Gulf Street housing plan modified; Wheelers Farm plan delayed

While zoning boards have little power to regulate applications filed under the state's affordable housing regulations, Connecticut General Statute 8-30g, they do have two tools at their disposal: Modify and delay, and the Planning and Zoning Board used both tools at its April 21 public hearing.
With no discussion, the P&Z voted unanimously to approve with conditions an 8-30g application for a 15-unit apartment complex on a 0.75-acre property at 14 Gulf Street. Two-Ninety Six LLC is the developer, listing Angelo Lisi as the LLC's member.
The board imposed four conditions on the application: Increase the number of affordable units from five to six and prohibit two-bedroom units. The board also told the applicant to create a passive recreation area in the open space at the rear, and improve the landscaping plan by adding two street trees on Gulf Street, and install additional shrubs alongside the building.
The existing house and garages will be demolished, and replaced with five buildings, each with three one-bedroom apartments. The applicant has the legal right to appeal an approval that it believes is burdensome.
Six residential neighbors spoke against the proposal, mostly voicing concerns about traffic. The proposal received support from two Milford business people.
The board's decision to approve with conditions was surely influenced by an April 7 settlement forced by the Superior Court's Land Use Litigation Docket allowing an affordable housing plan to move forward at 1556 New Haven Avenue, a plan the board denied in June 2014. That plan involves building a six-unit apartment building behind an existing single-family house on a 0.62-acre property.
That proposal now moves to the Litigation Docket for a court hearing to decide on the proposed settlement. The hearing will take place May 7 at 10 a.m. at the court, 95 Washington Street, Hartford.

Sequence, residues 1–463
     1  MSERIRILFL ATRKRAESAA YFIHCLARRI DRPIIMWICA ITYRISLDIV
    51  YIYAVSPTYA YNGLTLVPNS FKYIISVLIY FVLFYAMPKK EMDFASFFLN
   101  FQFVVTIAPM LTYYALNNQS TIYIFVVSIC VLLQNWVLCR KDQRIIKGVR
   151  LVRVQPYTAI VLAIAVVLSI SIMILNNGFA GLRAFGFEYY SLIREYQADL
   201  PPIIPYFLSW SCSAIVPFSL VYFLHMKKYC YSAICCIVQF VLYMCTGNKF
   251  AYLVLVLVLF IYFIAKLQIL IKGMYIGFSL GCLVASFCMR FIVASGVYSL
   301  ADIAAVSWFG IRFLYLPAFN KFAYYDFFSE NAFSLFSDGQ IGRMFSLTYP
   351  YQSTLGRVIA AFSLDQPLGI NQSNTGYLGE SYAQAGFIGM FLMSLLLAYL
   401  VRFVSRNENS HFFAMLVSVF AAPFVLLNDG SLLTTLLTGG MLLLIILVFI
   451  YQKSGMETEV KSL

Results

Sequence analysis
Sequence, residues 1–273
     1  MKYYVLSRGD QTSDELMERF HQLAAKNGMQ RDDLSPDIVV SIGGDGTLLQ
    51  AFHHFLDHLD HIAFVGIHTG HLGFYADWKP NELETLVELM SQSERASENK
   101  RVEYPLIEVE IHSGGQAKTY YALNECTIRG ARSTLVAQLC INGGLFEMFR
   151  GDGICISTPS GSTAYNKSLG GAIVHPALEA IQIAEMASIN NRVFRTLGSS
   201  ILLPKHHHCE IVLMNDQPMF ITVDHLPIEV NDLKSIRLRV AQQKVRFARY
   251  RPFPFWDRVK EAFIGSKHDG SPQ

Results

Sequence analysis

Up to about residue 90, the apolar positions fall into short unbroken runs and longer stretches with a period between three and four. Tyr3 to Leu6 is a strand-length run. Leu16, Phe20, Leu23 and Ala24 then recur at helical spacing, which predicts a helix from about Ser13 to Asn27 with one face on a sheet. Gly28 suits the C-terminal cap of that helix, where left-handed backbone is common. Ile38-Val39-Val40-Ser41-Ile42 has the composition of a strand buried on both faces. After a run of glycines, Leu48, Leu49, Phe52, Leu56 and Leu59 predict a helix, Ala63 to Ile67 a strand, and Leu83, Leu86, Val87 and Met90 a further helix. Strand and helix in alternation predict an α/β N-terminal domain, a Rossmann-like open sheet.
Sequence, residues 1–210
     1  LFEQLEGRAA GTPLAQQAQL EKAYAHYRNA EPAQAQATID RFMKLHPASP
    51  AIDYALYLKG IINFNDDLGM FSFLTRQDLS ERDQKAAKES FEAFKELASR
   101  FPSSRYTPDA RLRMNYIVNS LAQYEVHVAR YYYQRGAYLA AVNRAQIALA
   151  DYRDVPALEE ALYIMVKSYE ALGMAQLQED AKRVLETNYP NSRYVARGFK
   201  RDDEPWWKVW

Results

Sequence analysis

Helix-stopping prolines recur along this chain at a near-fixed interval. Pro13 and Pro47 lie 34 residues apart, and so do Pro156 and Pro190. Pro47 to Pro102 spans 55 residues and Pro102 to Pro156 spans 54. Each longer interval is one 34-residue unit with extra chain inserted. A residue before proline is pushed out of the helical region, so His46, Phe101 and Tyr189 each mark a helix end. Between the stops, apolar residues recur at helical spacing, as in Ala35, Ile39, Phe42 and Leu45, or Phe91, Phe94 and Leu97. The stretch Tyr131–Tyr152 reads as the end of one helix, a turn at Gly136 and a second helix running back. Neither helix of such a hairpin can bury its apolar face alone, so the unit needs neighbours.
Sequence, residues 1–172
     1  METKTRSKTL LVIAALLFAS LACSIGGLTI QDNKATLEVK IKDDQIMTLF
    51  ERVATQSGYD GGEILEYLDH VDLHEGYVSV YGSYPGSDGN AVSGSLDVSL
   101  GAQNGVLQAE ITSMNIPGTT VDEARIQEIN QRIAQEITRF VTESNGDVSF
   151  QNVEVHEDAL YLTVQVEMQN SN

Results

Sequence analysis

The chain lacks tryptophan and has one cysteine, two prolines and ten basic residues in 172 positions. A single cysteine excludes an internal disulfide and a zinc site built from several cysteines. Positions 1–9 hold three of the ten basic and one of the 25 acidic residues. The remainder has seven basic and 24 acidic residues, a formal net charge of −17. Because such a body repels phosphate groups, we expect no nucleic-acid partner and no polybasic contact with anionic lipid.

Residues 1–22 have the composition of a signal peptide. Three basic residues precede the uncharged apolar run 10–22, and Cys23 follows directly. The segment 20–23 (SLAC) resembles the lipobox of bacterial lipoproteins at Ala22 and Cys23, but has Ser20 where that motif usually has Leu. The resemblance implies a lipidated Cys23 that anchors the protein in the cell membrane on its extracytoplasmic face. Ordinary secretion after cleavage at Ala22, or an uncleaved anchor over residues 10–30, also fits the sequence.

The 8-30g regulation overrides local zoning regulations, unless the board can prove the proposal represents a threat to public health, safety or welfare.
Prior to the meeting, Attorney Thomas Lynch, attorney for an 8-30g application for a 257-unit apartment complex in an office district at 460 Bic Drive, said a law firm is preparing to file an appeal of the board's denial at its April 7 meeting.
Lynch indicated an affordable housing application for 9 units on a 0.43-acre property at 1613 New Haven Avenue will be presented to the board at an upcoming meeting as an 8-30g application. Seaview Cove LLC of West Haven is listed as the owner with Charles B. Gagliardi listed as member.
Wheelers Farm Plans Delayed
Fresh on the heels of its denial of the Bic Drive apartment complex at 460 Bic Drive, the P&Z deferred until May 19 a public hearing on a proposed 180-unit apartment complex on a property zoned for office use on the west side of Wheelers Farms Road.
Board members said they did not wish to hear the application because it was incomplete, saying there was no report from four city agencies: The Inland-Wetland Agency, the Police Commission, the Conservation Commission and the Public Works Department.
The hearing is scheduled to continue on May 19 at 7:30 p.m. at City Hall. About 40 residents attended the April 21 hearing. The board commonly delays hearing incomplete applications.